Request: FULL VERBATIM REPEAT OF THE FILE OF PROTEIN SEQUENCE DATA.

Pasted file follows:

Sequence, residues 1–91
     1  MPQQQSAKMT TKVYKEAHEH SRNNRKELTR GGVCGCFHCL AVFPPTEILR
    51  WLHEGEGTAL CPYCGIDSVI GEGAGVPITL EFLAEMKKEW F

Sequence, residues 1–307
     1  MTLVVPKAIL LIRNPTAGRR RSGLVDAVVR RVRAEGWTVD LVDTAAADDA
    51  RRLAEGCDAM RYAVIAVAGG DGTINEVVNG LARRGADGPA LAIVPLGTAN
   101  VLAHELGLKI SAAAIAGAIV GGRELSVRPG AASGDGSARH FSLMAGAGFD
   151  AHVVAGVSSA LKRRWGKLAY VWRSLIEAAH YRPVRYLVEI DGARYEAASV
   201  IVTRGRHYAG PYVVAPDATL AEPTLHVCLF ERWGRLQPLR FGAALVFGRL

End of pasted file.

Sequence, residues 1–91
     1  MPQQQSAKMT TKVYKEAHEH SRNNRKELTR GGVCGCFHCL AVFPPTEILR
    51  WLHEGEGTAL CPYCGIDSVI GEGAGVPITL EFLAEMKKEW F

Sequence, residues 1–307
     1  MTLVVPKAIL LIRNPTAGRR RSGLVDAVVR RVRAEGWTVD LVDTAAADDA
    51  RRLAEGCDAM RYAVIAVAGG DGTINEVVNG LARRGADGPA LAIVPLGTAN
   101  VLAHELGLKI SAAAIAGAIV GGRELSVRPG AASGDGSARH FSLMAGAGFD
   151  AHVVAGVSSA LKRRWGKLAY VWRSLIEAAH YRPVRYLVEI DGARYEAASV
   201  IVTRGRHYAG PYVVAPDATL AEPTLHVCLF ERWGRLQPLR FGAALVFGRL